- Understanding COPD Slideshow
- COPD (Chronic Obstructive Pulmonary Disease) Quiz
- Energy Foods for COPD Slideshow Pictures
- Bronchitis FAQs
- Patient Comments: Chronic Bronchitis - Treatments
- Patient Comments: Bronchitis - Experience
- Patient Comments: Chronic Bronchitis - Symptoms
- Patient Comments: Acute Bronchitis - Symptoms
- Find a local Pulmonologist in your town
- Bronchitis vs. chronic bronchitis definition and facts
- What is bronchitis?
- What is acute bronchitis?
- What are the symptoms of acute bronchitis?
- What is chronic bronchitis?
- What are the causes of chronic bronchitis?
- What are the risk factors for chronic bronchitis?
- What are the signs and symptoms of chronic bronchitis?
- When should an person seek medical care for chronic bronchitis?
- How is chronic bronchitis diagnosed?
- What is the treatment for chronic bronchitis?
- What drugs treat chronic bronchitis exacerbations?
- What are the complications of chronic bronchitis?
- Can chronic bronchitis be prevented?
- What is the prognosis for chronic bronchitis?
Quick GuideBronchitis Symptoms and Treatments
What are the complications of chronic bronchitis?
The major complications of chronic bronchitis are:
- dyspnea, sometimes severe,
- respiratory failure,
- cor pulmonale (enlargement and weakness of right heart ventricle due to lung disease),
- pneumothorax (collection of air or gas in lung causing lung collapse),
- polycythemia (abnormally high concentration of red blood cells needed to carry oxygen),
- COPD (some NIH investigators consider chronic bronchitis a type of COPD),
- chronic advancement of the disease, and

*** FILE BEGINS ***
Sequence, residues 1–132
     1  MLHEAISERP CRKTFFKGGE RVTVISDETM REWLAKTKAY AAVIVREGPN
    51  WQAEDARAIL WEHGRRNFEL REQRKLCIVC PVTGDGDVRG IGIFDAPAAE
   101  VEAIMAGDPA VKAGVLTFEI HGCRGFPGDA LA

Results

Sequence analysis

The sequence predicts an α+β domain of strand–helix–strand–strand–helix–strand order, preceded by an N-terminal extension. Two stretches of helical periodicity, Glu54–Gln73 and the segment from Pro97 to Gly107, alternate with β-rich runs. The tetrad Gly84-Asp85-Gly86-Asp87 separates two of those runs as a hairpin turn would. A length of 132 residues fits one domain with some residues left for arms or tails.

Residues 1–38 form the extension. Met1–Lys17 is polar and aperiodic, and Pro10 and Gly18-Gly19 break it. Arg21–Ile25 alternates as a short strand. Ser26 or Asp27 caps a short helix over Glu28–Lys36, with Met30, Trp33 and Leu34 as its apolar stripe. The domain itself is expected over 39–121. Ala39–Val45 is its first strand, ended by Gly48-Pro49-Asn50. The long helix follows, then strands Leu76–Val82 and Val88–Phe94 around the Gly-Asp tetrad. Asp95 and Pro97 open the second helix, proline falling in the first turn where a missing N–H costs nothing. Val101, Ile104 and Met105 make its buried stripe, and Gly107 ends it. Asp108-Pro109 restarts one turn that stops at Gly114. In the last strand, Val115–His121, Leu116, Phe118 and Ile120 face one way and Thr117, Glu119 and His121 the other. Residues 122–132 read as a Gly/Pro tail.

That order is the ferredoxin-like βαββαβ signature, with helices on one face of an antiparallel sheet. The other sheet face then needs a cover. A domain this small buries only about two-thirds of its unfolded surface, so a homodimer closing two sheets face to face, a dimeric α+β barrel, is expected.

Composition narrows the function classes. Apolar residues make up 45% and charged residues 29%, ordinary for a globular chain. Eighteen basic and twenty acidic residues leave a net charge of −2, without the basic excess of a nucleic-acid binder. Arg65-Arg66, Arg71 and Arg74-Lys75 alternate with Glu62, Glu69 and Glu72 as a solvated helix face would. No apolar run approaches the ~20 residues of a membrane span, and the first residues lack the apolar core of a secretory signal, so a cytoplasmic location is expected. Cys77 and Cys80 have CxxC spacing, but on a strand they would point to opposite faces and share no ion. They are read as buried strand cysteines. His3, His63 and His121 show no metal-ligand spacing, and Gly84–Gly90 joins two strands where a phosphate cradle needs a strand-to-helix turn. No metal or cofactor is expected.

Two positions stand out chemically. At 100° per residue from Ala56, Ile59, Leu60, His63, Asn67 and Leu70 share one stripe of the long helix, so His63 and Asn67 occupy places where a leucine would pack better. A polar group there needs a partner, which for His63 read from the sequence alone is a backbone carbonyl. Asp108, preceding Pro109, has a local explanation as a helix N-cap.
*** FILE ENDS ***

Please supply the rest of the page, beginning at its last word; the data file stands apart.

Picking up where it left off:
- high mortality (death) rate (COPD is the 4th leading cause of death in the United States).
Can chronic bronchitis be prevented?
The majority of instances of chronic bronchitis can be prevented by not smoking and avoiding second-hand smoke. Flu and pneumococcal vaccines can help prevent repeated infections that may lead to the disease.
Certain industries (for example, chemical, textile, and farm workers) are often associated with air-borne chemicals and dust; avoiding air-borne chemicals and dust with appropriate masks may prevent or reduce the individual's chance of developing chronic bronchitis.
Good control of asthma may prevent chronic bronchitis from developing. The genetic predisposition to chronic bronchitis is not currently preventable.
What is the prognosis for chronic bronchitis?
Although the disease is chronic and progressive, affected individuals that are diagnosed early before much bronchial damage occurs stop smoking (or avoid airborne dust, chemicals, or other situations that lead to bronchial irritation), they often have a good prognosis for many years.
Approximately half of smokers with chronic bronchitis will stop coughing after 1 month of smoking cessation. Most patients will no longer cough with continued abstinence from smoking. If airflow obstruction has occurred, this can improve but the improvement level depends on the duration of injury and the compliance with therapy. Obviously, the more impaired patients will have a lesser recovery of lung function.
Conversely, those individuals that have continued bronchial irritation have only a fair to poor prognosis, since repeated bouts with the disease usually get worse, with affected individuals having more frequent incidents of coughing and dyspnea over time and further progression of lung function abnormalities.
Fayyaz, J., MD. "Bronchitis." Medscape. Updated: Jun 03, 2016.
Gotfried M, Grossman R. Short-course fluroquinolones in acute exacerbations of chronic bronchitis. Expert Rev Respir Med, 4(5):661-672, 2010